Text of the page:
He taught us about liberation and how to fight for it

December 17, 2018

Pat Gallagher celebrates the life of Tom Lewis, an SW contributor and longtime member of the ISO, who we will remember for his years of dedication to revolutionary socialism and his commitment to helping connect Marxist thought with action.

WE MOURN the passing of Tom Lewis, a longtime member of the International Socialist Organization (ISO). With Tom, the socialist movement lost one of its finest fighters.

Tom was radicalized in his freshman year in college: 1969-70. That year ended with a national student strike in protest of the U.S. bombing of Cambodia and the shooting of students at Kent State and Jackson State Universities.

Tom once said that he was caught by surprise in some ways: “I was just finishing my freshman year, and so maybe I was a little naïve, but when they said walk out, I thought we would stay out until the end, when U.S. troops were withdrawn from Cambodia and Vietnam. I was so surprised and disappointed when we went back to class.”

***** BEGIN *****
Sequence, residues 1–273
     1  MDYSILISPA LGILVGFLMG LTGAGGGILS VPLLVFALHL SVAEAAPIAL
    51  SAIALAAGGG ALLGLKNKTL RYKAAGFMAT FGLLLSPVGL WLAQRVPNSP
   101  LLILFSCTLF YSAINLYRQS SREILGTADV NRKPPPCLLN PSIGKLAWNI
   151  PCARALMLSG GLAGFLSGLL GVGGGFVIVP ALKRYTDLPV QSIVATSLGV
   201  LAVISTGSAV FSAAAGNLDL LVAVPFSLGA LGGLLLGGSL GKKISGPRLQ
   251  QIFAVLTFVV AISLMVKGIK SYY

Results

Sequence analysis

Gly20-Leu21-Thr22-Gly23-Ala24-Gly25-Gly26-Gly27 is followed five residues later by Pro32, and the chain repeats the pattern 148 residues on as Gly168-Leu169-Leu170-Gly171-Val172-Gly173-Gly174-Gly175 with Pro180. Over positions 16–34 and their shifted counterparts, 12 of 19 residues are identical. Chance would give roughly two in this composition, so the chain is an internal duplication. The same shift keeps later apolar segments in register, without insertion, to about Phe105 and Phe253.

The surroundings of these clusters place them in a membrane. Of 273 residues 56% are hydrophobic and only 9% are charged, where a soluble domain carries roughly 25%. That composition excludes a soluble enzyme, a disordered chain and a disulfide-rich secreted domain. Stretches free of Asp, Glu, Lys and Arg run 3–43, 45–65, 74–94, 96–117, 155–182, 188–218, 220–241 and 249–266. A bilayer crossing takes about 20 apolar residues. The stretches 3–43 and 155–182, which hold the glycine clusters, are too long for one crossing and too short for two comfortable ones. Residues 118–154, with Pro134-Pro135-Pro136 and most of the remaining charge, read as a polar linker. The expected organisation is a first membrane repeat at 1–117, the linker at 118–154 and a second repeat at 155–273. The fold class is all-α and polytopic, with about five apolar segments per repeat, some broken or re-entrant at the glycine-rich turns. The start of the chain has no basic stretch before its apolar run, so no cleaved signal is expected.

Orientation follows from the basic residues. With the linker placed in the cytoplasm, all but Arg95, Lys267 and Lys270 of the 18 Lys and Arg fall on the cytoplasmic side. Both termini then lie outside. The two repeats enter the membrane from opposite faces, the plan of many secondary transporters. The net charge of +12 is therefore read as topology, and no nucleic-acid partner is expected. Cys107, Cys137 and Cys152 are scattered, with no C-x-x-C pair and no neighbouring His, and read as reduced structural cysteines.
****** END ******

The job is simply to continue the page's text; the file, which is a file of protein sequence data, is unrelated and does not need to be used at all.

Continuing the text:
Tom completed his undergraduate and graduate studies and was already an assistant professor at the University of Iowa in 1978, teaching in the departments of Comparative Literature and Spanish and Portuguese.

Tom Lewis
Tom Lewis

He quickly made a name for himself as a Marxist academic teaching classes on post-structuralism, the French Marxists Louis Althusser and Pierre Macherey, and other figures we now associate with variants of postmodernism and the general move away from Marxism after the 1970s.